You’re thinking very old, as in 3,000 BC. It’s hard to look at Holt’s work without being reminded of early man’s architectural triumphs, the remnants of megalithic structures, standing stones, the trilithons, the lintels, the menhirs, and the sarcens, such as those that make up Malta’s Ħaġar Qim, France’s Carnac, or Scotland’s Callanish. We don’t truly know what Neolithic man was up to with those stunning artefacts but there’s long been the suspicion that they have something to do with sun worship, with the rise and fall of the day, the turn of the seasons, the solstices. Holt’s Utah work has an obvious mute power, a timeless work about time, not a million miles away from the wonders of England’s Stonehenge and Ireland’s Newgrange.

One of the ancillary works here in Berlin is from 1972 and provides more clues to Holt’s practice. A perfectly drawn circle on paper encloses the following text, a kind of Zen-like koan:

the world through a circle elements real and reflected concentrated, encompassed sky, earth, water joined together a hole through the earth, either way drawing in a glance and then a second look and more the world focuses and spins out again, seen

Holt was born in 1938 and came to prominence in the late 1960s in association with other artists of the time making Land Art. She married Robert Smithson of Spiral Jetty fame in 1963 but the mythos of his life and tragic death have arguably obscured Holt’s achievements. A re-evaluation of the period and Holt’s work is timely given the prescience of her concerns about the natural environment, her early recognition that our planet is at risk, that ecology should take centre stage as a matter of urgency. Her practice revolved around using natural forms and how we make sense of time and space, hence her playful thinking of paying attention to the summer solstice. There’s a benign hippy vibe at work here, of being at one with the cosmos.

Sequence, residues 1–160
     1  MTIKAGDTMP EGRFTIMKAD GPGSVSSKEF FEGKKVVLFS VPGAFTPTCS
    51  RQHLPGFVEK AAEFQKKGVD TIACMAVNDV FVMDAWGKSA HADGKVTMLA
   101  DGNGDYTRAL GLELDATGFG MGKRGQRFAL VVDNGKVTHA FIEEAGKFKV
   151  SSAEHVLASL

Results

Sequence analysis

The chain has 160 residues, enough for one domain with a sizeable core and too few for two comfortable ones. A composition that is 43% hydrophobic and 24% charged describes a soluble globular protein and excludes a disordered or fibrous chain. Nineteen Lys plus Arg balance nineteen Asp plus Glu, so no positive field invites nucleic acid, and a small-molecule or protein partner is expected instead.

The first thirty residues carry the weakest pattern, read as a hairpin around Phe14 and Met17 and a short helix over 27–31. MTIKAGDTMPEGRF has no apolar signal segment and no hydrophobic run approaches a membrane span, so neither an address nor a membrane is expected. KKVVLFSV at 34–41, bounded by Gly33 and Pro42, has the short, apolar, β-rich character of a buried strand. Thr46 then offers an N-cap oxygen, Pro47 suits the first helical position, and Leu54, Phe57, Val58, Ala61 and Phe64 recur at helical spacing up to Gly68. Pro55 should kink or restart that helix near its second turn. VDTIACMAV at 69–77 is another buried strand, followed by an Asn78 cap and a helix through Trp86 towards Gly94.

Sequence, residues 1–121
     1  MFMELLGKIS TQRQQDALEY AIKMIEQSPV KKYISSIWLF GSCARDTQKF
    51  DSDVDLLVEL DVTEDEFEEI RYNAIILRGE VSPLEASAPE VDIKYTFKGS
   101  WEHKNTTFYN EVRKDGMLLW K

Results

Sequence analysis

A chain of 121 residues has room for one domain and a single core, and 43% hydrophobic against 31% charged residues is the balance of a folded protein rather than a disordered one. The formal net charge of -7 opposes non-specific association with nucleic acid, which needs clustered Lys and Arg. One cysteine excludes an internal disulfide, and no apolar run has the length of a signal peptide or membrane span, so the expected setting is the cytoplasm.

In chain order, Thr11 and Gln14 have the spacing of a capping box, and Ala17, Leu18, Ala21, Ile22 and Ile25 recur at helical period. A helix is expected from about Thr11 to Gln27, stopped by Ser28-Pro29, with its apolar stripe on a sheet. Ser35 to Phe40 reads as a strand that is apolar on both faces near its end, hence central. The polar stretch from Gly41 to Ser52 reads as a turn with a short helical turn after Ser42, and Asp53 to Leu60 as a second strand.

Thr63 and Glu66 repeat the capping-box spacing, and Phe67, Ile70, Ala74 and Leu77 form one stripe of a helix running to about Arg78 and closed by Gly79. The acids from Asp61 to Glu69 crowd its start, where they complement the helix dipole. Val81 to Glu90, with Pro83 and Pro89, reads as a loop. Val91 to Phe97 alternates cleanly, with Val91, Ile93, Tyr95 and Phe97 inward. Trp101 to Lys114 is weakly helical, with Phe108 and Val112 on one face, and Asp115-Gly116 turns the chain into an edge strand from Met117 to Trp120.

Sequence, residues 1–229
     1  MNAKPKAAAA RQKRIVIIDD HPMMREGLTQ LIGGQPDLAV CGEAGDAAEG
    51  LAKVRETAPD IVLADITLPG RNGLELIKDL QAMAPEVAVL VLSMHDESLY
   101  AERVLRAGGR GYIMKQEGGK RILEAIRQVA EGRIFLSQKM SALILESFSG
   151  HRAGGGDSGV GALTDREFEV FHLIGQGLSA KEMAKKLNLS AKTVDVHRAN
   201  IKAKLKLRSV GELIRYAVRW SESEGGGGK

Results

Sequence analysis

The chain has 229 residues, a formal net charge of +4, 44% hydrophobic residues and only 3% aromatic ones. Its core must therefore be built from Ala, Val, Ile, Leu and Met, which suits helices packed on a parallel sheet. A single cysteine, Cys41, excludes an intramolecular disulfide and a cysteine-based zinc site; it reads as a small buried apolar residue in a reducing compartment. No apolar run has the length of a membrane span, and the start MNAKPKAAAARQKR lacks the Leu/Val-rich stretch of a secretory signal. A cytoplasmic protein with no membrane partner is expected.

Along with the likes of Smithson and Walter De Maria, there is an explicit rejection of commercialism in Holt’s work. This rebellion mirrored the political angst of the time, the despoliation of Vietnam, the corruption of Watergate: both events have a lot in common with today’s debacles such as the threat of military conflict in the Ukraine, or the mendacious hypocrisies of the current British government. Given such parallels perhaps it comes as no surprise to witness a renewed interest in Holt’s achievements.

Another contemporaneous, and highly influential, aspect of Holt’s practice is her collaborative approach. She used stonemasons, astrophysicists, surveyors, architects, engineers, and all sorts of academics to crystallise her ideas. In this she predated similar practices mimicked by many famous artists of today who combine art with science, people like Katie Paterson or Pierre Huyghe.

There’s the suspicion that Holt did not get anything like the same financial backing as her male peers. Some of her work is still unfinished, as with Sky Mound, a thirty metre high, fifty-seven-acre landfill site in New Jersey. Holt wanted it converted into a sculpture park. One of her ideas was for piping to sink into the ten million tons of garbage below and have the recovered methane used as a source of energy. Her early ideas are now bang up to date.

Nancy Holt died in 2014 at the age of 75. She outlived Robert Smithson by over forty years.

Nancy Holt’s Mirrors of Light is on at Sprüth Magers, Berlin until 5 February 2022